Federal Partnership Program
In 2010, the state of Vermont enacted legislation enabling the establishment of the Vermont Long-Term Care Partnership Program. This allows Vermont residents who purchase a qualified partnership policy the ability to safeguard assets in a long-term care situation. State law will require a Long-Term Care Partnership policy to meet certain requirements. These requirements are set forth in Section 1917(b)(5)(A) of the Social Security Act and in Section 7702(B) of the Internal Revenue Code, and include certain provisions of the National Association of Insurance Commissioners (NAIC) Long-Term Care Model Regulation and Model Act.
Although Vermont has approved legislation which calls for the establishment of a state partnership program and has adopted rules that reflect the Deficit Reduction Act’s requirements and the NAIC’s standards for Qualified Long-Term Care Insurance partnership policies, the state has not yet filed a state Medicaid plan amendment with the Centers for Medicareand Medicaid Services (CMS) which is required by federal law.
When partnership policies become available that provide the policyholder with dollar-for-dollar asset protection otherwise known as “asset-disregard”. In the event the policy benefits are exhausted you would have an equal amount of asset protection when the calculation is made to qualify for the Medicaid long-term care benefit. For example, if the policy paid $420,000 in benefits you would be able to retain that same amount and still qualify for the Vermont Medicaid (Choices for Care) program. In calculating your eligibility, the state will disregard an amount of your assets equal to the amount the partnership policy paid in long-term care benefits.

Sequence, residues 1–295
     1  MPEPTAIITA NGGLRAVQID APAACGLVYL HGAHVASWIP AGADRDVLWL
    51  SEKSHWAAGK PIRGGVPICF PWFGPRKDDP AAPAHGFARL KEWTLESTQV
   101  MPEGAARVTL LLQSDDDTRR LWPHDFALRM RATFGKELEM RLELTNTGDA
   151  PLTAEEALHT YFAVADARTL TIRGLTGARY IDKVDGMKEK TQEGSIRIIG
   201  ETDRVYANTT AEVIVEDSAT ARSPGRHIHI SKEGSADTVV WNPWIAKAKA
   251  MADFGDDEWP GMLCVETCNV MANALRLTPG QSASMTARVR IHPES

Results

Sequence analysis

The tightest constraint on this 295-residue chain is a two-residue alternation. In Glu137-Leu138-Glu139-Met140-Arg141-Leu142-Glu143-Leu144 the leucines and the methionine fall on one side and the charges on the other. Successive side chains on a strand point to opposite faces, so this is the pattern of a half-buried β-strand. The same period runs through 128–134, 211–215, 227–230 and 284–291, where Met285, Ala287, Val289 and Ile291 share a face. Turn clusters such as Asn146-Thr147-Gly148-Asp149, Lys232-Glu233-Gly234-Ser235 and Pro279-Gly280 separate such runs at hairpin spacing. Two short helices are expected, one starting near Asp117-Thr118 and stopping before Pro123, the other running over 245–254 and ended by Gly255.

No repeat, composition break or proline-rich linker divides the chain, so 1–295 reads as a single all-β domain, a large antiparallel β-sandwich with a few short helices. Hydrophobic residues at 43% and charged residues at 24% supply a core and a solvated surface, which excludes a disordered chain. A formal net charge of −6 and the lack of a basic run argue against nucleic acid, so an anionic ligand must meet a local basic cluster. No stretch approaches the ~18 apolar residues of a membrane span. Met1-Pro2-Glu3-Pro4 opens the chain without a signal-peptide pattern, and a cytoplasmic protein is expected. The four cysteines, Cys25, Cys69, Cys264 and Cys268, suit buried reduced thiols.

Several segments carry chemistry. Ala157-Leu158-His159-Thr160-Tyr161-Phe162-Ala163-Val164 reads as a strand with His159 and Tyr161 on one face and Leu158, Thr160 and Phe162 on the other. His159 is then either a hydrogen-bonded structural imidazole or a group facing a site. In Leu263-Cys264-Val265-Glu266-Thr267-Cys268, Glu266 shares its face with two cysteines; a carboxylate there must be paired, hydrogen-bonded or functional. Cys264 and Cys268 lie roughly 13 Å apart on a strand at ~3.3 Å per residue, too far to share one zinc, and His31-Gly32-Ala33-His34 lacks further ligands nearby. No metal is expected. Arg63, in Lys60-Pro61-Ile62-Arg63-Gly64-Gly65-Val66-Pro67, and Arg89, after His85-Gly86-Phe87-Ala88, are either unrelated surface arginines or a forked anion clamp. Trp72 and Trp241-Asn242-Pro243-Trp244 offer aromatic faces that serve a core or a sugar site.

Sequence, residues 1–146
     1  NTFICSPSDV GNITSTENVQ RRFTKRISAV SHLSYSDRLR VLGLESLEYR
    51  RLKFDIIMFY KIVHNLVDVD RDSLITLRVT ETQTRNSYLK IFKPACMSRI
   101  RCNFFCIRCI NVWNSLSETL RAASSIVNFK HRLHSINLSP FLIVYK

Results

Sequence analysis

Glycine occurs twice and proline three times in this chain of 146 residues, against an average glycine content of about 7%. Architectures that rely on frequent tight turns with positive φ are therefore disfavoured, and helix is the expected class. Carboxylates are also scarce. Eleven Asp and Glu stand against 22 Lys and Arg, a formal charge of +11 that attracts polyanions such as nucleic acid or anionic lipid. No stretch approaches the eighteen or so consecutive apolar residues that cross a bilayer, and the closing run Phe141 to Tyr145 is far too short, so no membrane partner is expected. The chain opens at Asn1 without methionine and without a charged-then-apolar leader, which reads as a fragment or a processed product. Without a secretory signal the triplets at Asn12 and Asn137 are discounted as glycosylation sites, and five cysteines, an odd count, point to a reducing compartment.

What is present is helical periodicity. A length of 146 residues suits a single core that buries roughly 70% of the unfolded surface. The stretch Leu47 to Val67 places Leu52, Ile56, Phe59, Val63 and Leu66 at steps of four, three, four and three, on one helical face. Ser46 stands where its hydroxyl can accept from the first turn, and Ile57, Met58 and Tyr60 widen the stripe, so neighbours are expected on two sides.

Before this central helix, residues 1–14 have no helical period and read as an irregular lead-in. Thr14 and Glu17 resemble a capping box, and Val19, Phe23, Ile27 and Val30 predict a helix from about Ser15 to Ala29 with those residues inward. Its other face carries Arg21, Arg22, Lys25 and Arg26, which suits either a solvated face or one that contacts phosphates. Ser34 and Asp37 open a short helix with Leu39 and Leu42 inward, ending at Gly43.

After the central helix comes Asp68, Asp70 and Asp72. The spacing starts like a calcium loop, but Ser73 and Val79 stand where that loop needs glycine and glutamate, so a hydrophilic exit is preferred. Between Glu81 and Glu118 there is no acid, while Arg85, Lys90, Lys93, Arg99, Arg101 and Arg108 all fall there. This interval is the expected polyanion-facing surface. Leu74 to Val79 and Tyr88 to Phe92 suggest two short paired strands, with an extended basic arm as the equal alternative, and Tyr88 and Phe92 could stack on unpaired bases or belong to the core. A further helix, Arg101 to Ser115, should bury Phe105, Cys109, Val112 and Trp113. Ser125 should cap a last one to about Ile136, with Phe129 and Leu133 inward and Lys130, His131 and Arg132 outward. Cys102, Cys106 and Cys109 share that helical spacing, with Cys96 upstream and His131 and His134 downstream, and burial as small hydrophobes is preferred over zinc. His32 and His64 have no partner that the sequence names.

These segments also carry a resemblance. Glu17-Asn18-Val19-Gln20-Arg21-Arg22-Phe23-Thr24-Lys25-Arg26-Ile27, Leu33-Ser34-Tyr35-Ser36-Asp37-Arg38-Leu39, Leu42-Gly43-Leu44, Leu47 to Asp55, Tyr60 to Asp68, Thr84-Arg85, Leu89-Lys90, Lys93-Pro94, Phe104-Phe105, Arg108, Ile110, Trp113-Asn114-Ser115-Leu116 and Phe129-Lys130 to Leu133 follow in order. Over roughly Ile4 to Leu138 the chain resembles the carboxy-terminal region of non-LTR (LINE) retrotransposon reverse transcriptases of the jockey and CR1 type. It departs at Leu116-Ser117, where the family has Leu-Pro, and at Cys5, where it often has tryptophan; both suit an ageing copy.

Most states have reciprocity with other states' long-term-care partnership programs, however, Vermont has yet to make a determination.
Long-Term Care Medicaid spend down is $2,000. A spouse’s minimum asset allowance is $126,420. Your spouse’s minimum monthly income allowance is $2,057.50 *
For more information about the Medicaid program visit www.medicaid.gov
Rate Stability Rules
Vermont consumers enjoy additional peace-of-mind as the state has adopted Long-Term Care Insurance Rate Stability Rules. These rules, developed the National Association of Insurance Commissioners, makes it much harder for an insurance company to get an approved rate increase.
Products Approved in Vermont
A variety of products are approved in Vermont for Long-Term Care planning including traditional plans and asset-based “hybrid” policies.
Vermont does not offer any state tax incentive for qualified long-term care insurance. Federal tax incentives are still available.
*The federal government sets a new minimum and maximum amounts each year, but states can set their own minimum requirements at any level between the federal limits. This information is based on the best available sources.